Kittens – weaning through raw feeding – importance of Taurine16 July, 2007
Here’s a photo of the kittens at one of their first meals of wild minced rabbit (whole, with no tripe, bone-in).
It’s said that weaning kittens is relatively easy using a raw diet. I can only speak from personal experience and say that seems to be the case: the kittens seem to recognise what natural food is.
I know some sites on kitten weaning mention offering first meals of rice/rice pudding/milk/porridge. If those work, great! However, I don’t think rice/porridge are what cats would eat in the wild. And cats lack the enzymes to digest cow’s milk.
The first meal the kittens had was freshly-minced whole chicken with bone-in. The recipe was the same as the adult recipe, except that the chunks of chicken were cut into smaller, kitten-sized pieces. I also made sure that each chunk wasn’t joined to any other chunk. Last year, a kitten nearly choked when she swalloed a chunk which was joined to another by a tendon – she couldn’t chew on the second chunk and it stuck in her throat until I managed to hoick it out with a finger.
I tried them on lamb as well, but they didn’t like the mince as much as just chunks. And Poly, the black girl kitten prefers lamb to the chicken. When I feed lamb chunks I am careful to add some calcium supplement (Stress) to it because the lamb chunks don’t have minced bone to provide calcium. This is very important. When you look for suppliers of pet mince, make sure that it’s been minced with the bone-in.
Last year, I got my wild rabbit whole from my sister-in-law and her husband who have a smallholding which is overrun by rabbits.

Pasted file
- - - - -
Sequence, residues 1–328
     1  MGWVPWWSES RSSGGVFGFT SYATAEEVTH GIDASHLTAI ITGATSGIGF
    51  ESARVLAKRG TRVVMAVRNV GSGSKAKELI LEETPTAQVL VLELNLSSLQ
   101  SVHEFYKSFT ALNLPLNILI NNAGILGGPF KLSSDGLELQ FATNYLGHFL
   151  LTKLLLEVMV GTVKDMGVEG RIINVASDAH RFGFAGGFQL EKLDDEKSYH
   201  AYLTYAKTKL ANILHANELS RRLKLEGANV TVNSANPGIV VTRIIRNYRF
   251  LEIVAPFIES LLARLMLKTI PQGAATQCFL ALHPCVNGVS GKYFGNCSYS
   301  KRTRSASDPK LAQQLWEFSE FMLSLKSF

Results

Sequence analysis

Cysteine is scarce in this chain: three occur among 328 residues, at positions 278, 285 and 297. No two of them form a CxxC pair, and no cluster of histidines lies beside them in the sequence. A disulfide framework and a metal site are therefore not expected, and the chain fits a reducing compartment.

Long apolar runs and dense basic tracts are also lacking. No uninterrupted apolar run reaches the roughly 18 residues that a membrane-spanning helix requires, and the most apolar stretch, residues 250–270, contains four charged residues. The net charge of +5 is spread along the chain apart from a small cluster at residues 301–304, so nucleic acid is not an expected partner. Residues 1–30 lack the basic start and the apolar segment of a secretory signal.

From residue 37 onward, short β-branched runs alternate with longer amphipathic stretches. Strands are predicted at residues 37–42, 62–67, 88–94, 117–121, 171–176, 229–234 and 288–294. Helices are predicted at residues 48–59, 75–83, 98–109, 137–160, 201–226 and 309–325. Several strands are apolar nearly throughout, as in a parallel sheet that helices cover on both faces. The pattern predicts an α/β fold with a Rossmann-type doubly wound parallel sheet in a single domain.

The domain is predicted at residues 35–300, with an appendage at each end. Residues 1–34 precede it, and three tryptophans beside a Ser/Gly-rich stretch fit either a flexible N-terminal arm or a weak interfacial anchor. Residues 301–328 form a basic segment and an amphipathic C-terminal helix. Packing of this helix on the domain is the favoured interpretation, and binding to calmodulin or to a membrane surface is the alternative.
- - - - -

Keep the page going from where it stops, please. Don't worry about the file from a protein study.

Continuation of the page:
This year, I discovered that Woldsway Rabbit have started offering wild rabbit in their pet food range. They already do a range with farmed rabbit, but my cats prefer wild rabbit. It’s got a richer look to it too. I’m usually cautious about using commercially-made raw pet food, but David Blythe of Woldsway assures me that he’s had to implement EU standards of food preparation that are usually used in human-food preparation.
The rabbit comes frozen in packs of 0.5kg. It’s a little on the large size to thaw out completely, so what I do is let it defrost slightly so I can break the pack up into smaller meal-sized portions which I then defrost totally.
One caveat is that you should always vary your cat’s diet, so that it does not consist exclusively of one type of meat.
And if you do feed a frozen-type raw meat diet, you must supplement with taurine.
Taurine is an amino acid which helps cats digest fats. Unlike other species of animals, cats cannot use another amino acid for this function. Taurine is essential in healthy heart-functioning for cats.
A Winn Feline Foundation Report on diet and cats showed that feeding only ground rabbit led to a Taurine deficiency. This was possibly due to the fact that when meat is frozen, it loses taurine and Vitamin E.
So always supplement raw diets with taurine. You can buy powdered taurine in capsules. Solgar is one such brand. Michelle Bernard of blakkatz.com recommends adding at least 2000mg of taurine for every 2.5 pounds of meat.